Totally Unauthorized

A side of the film industry most people never see.

Sometimes I don’t want to be right

I was really hoping my prediction about getting all my week’s calls for the same day was going to be wrong.

Nope – four calls for Tuesday and then nothing for the rest of the week.  Not ideal, but not a bad thing, either, as yesterday it started to rain and, predictably, all of Los Angeles went into panic mode and the terrifyingly wet streets.

So I cleaned the apartment, did the laundry, did some work on a side project that’s been keeping me too busy to write posts as often as I’d like, brushed the cat and got my annual physical (my cholesterol is good but my blood pressure has me at death’s door in the next week or two. Damn parents. This is their fault).

Since next Thursday is a holiday, there will only be three work days next week so although I’ll be happy to get some work I’m not holding my breath.

Since I’ve been roped into doing some cooking for Thanksgiving (cornbread, herb rolls, carrot cranberry salad and kale chips), it might not be bad to at the very least have Wednesday off.  The cornbread’s my great-grandmother’s recipe and has to be started Tuesday as the cornmeal needs to ferment (I know, it sounds gross, but it’s really good).

We’ll see. I’ll be happy for any day I get.

Filed under: Los Angeles, Non-Work, Off-Topic, , , , ,

All or nothing

Sunday night, I got a work call, which is really unusual. Most of the time, best boys fill their Monday calls by Friday, unless someone gets sick or there’s some extenuating circumstance.

It took me almost an hour to return the call, as I was in the pool and didn’t bother to check my phone (hey, it was Sunday), but when I got out I texted back that I would love the day if he still had it available.

Lucky for me, he did, so I got booked to work on the rigging crew.

Most of our day was spent sitting around waiting for equipment – it’s still fairly busy out there and since most of the rental houses sent astounding amounts of gear out-of-state, it can be a bit of a scramble to get certain things, even when it’s only moderately busy, as it is now.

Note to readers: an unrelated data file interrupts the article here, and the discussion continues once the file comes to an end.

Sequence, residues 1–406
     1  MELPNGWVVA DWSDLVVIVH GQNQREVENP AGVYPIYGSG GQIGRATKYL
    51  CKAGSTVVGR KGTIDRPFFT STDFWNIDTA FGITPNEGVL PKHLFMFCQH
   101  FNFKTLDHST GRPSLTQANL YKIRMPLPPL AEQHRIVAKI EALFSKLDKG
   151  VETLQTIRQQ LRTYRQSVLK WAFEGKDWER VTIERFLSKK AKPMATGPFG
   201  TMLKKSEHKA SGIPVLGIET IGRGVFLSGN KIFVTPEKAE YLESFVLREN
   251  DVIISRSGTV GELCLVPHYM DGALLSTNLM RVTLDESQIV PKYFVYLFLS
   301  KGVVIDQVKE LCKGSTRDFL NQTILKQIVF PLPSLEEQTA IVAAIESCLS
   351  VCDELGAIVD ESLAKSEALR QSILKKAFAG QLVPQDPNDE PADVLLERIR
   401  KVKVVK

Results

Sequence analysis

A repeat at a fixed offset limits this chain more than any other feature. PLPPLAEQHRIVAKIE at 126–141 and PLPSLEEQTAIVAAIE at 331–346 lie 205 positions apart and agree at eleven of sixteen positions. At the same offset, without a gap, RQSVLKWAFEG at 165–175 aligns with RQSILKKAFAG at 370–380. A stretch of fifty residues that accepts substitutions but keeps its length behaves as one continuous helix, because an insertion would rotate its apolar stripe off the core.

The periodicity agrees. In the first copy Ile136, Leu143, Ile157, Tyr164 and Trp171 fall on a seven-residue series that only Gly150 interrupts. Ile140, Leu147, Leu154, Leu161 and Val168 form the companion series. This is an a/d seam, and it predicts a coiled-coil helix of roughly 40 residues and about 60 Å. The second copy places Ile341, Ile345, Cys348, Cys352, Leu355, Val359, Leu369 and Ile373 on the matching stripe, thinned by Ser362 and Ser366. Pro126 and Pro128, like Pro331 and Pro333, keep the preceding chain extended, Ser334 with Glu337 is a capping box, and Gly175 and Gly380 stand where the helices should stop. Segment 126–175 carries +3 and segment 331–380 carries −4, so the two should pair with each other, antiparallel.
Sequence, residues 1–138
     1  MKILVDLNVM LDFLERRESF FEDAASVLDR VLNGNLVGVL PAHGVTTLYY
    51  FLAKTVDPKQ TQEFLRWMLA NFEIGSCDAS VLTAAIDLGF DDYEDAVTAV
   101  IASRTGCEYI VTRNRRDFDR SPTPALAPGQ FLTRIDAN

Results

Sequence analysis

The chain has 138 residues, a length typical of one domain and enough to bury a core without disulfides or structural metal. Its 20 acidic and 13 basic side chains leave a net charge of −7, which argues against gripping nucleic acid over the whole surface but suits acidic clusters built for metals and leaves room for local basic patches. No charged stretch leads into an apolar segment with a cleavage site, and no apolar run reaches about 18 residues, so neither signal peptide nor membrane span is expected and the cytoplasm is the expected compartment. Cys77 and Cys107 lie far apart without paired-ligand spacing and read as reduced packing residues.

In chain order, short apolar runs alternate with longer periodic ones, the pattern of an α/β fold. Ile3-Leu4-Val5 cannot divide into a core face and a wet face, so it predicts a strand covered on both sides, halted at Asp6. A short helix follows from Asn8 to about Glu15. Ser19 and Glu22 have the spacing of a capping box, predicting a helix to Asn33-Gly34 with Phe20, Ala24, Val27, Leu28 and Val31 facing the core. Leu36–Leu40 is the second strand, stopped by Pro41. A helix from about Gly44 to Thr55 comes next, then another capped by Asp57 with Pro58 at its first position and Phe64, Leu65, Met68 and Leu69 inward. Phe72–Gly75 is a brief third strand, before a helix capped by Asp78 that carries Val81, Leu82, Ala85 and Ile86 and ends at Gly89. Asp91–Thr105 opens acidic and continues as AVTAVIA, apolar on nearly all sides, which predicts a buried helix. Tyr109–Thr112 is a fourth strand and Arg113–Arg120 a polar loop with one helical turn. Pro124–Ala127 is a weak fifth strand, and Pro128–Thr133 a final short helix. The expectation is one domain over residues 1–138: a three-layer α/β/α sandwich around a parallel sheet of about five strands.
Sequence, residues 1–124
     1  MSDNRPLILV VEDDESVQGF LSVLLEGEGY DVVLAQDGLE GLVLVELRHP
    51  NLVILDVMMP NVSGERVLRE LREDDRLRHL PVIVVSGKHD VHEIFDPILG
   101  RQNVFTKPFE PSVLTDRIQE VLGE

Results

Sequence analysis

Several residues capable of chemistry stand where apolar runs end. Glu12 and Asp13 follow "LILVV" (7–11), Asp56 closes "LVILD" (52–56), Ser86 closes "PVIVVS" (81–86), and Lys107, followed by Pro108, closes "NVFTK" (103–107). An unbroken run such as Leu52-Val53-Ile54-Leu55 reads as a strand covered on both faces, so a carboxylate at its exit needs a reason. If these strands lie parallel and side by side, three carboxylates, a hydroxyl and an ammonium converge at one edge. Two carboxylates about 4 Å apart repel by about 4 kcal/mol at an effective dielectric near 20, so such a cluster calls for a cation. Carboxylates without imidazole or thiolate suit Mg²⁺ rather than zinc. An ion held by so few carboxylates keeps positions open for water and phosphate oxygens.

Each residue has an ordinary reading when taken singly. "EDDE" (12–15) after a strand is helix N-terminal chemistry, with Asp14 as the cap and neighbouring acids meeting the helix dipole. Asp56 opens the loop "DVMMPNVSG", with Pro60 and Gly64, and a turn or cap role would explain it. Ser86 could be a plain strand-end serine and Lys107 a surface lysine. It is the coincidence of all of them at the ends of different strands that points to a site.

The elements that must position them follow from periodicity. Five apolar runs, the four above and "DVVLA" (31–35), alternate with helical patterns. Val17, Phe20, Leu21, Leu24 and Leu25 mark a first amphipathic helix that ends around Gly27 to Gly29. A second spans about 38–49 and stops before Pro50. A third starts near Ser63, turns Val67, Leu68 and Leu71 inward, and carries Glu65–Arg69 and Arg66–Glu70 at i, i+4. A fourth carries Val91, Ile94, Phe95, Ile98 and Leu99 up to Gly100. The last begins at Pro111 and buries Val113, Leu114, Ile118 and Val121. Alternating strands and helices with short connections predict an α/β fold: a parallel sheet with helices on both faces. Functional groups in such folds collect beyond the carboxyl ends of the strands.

Apparently it’s been such a scramble that one-day rigs have been getting turned into two-day rigs just because of equipment delays.  Although this rig should have taken about 10 hours, we were only going to be able to complete the cable runs due to not having… stuff.

So we sat, talked, taped cable, sent what we had up into the perms, went to coffee, taped some more cable and then, right before lunch, the rest of the order showed up.

While we finished our cable runs, I got four texts to work the next day. Four. Right in a row. Since I’d taken the first one, I had to turn the other three down and made the joke that I probably wouldn’t get anymore days this week as they all came in clumped up into one.

After a shortish turnaround (day exteriors in winter – early calls to get as much of the light as possible), I worked a 10 hour day on an insert unit where we only had to light the last few shots, so I was fully awake by the time I actually had to do any work.

Sure enough, I didn’t get any work calls for later in the week, but I wasn’t expecting any.

Filed under: studio lots, Uncategorized, Work, , , , , , ,

Friday Photo

Windshield, post-explosion

Explosions for movies are all about the sound and fury. Huge colorful flames, ear-splitting noise, and little, if any, debris.

The reasons for this should be obvious. Expensive people standing around, expensive cameras, expensive cars, expensive equipment, and last night a very expensive (I’m not sure but I feel safe assuming here) helicopter.